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Old 10-18-2017, 03:56 PM   #13
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Default Re: [Space] Triple Full Moons

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Originally Posted by malloyd View Post
If you adopt that definition, then for all of them to be full the sum of three cosines function would seem to need to be greater than 2.983 (technically some fraction of the time it was might still not qualify, but probably close enough).

Of course if the effect lasts until the end of the night once it happens, instead of never more than 3.9 minutes - the time it takes for Moon A to move through 1/30th of its phase cycle, that's even more complication. Something closer to 1/4 of the time than the 1/27000th you'd get for just the period of phase match.
I was using a much more generous definition of what counts as full (I have always considered the full moon to last three days). By using a threshold of 2.983, that puts the time between all three moons being full to about once per 200 hours. In addition, there is only a period of about 10 earth years where you get all three moons being full. After that, there is a stretch of about 14 years where it never happens.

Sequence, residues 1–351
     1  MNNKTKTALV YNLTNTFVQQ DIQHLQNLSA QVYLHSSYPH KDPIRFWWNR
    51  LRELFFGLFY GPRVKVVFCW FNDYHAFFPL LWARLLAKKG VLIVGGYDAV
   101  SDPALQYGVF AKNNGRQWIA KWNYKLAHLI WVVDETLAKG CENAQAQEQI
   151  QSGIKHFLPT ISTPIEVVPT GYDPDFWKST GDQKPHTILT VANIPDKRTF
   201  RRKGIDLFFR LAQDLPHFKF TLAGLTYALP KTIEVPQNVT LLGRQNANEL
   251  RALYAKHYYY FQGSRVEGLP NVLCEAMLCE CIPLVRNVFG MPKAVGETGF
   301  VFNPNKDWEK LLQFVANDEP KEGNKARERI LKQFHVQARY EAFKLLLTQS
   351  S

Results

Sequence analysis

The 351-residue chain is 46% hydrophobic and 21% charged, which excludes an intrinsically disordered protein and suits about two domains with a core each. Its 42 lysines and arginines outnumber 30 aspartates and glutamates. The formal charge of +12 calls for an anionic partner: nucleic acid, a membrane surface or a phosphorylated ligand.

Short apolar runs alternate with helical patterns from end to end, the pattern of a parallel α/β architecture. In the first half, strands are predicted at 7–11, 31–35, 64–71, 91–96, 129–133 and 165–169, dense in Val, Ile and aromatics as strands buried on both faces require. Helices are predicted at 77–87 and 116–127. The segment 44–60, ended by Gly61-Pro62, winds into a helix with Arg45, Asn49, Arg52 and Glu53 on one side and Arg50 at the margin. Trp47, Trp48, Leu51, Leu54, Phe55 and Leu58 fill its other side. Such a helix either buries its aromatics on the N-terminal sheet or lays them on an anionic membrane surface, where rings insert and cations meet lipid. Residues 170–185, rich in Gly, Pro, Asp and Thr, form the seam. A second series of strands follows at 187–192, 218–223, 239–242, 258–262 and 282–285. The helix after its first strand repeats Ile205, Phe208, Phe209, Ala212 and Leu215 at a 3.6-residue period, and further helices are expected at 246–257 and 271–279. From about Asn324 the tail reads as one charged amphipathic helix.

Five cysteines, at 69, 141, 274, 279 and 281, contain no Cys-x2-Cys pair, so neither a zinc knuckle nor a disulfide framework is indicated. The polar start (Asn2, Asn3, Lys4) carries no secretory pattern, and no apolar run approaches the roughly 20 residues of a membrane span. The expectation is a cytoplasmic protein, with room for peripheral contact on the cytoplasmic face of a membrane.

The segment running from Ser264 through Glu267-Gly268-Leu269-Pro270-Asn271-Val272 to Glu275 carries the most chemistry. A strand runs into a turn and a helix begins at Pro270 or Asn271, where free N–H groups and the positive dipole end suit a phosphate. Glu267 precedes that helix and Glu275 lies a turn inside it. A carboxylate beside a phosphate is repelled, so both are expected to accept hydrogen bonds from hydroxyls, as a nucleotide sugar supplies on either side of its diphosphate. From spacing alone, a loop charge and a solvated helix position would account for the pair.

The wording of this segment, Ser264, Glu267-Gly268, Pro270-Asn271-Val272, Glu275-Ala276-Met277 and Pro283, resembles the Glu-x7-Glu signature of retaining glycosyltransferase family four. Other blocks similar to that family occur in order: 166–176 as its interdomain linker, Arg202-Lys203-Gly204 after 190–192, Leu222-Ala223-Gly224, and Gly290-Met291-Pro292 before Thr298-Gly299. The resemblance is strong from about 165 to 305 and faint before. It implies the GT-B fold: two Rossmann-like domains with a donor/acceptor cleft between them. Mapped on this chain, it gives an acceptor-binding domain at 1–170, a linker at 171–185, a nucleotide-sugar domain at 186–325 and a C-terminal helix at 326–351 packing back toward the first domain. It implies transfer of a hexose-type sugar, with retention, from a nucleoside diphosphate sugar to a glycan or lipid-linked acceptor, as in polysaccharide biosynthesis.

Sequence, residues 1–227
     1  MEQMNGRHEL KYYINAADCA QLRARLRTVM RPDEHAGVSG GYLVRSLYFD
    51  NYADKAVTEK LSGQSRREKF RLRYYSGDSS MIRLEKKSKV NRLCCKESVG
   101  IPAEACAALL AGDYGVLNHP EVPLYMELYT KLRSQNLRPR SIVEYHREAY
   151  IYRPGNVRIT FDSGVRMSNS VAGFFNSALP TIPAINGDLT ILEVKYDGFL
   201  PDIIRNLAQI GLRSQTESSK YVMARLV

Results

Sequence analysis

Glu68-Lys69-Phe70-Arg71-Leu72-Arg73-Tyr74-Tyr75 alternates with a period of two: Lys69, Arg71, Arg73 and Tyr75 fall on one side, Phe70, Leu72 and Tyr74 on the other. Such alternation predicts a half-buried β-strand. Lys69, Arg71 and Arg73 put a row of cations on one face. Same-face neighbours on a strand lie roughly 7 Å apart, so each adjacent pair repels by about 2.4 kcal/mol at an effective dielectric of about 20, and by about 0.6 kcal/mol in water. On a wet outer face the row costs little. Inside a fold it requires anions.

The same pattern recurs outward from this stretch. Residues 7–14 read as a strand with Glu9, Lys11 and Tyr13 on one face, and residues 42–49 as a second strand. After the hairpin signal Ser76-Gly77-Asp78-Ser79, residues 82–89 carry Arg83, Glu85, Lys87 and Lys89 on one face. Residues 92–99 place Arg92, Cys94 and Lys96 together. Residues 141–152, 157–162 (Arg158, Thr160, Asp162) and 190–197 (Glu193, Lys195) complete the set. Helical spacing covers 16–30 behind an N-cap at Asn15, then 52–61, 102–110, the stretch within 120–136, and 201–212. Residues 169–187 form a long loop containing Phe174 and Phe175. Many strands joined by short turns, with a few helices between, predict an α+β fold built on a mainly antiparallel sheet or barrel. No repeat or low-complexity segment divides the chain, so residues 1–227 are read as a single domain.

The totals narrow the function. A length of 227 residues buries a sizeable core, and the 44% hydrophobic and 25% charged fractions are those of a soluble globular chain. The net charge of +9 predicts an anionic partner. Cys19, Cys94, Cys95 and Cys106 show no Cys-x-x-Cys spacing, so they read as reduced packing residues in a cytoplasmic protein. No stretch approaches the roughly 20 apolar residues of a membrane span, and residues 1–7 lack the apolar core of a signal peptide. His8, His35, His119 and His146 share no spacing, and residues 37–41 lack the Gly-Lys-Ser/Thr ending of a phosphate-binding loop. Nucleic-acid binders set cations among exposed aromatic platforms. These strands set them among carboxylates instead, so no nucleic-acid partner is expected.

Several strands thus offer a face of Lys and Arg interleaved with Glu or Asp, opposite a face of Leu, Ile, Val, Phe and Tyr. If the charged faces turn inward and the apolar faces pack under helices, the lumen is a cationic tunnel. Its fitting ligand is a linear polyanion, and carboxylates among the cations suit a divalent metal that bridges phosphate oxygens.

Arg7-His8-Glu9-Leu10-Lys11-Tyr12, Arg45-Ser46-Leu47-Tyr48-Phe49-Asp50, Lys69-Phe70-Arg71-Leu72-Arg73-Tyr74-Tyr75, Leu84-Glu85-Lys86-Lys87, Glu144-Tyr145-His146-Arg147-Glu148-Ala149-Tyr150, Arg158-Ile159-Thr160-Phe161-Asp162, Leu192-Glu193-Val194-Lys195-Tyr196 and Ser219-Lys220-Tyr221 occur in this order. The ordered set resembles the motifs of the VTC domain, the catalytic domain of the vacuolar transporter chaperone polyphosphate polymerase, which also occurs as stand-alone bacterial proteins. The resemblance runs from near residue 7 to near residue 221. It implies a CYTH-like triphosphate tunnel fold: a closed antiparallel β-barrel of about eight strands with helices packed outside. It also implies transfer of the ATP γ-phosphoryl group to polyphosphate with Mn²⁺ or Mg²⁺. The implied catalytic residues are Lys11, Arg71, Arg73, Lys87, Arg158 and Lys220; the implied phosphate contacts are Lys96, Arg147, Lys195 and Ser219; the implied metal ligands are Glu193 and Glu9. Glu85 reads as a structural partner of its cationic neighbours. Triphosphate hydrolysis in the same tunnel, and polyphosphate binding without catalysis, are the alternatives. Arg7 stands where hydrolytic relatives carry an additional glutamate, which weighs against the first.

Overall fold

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Old 10-18-2017, 04:09 PM   #14
malloyd
 
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Default Re: [Space] Triple Full Moons

One side issue maybe worth thinking about is that if it's a fantasy planet, there's no particular reason for the phases of the moon(s) or the tides to be related to their positions at all. They could both perfectly well be driven by magical or divine forces rather than celestial geometry.
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Old 10-18-2017, 07:23 PM   #15
Jinumon
 
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Default Re: [Space] Triple Full Moons

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Originally Posted by a humble lich View Post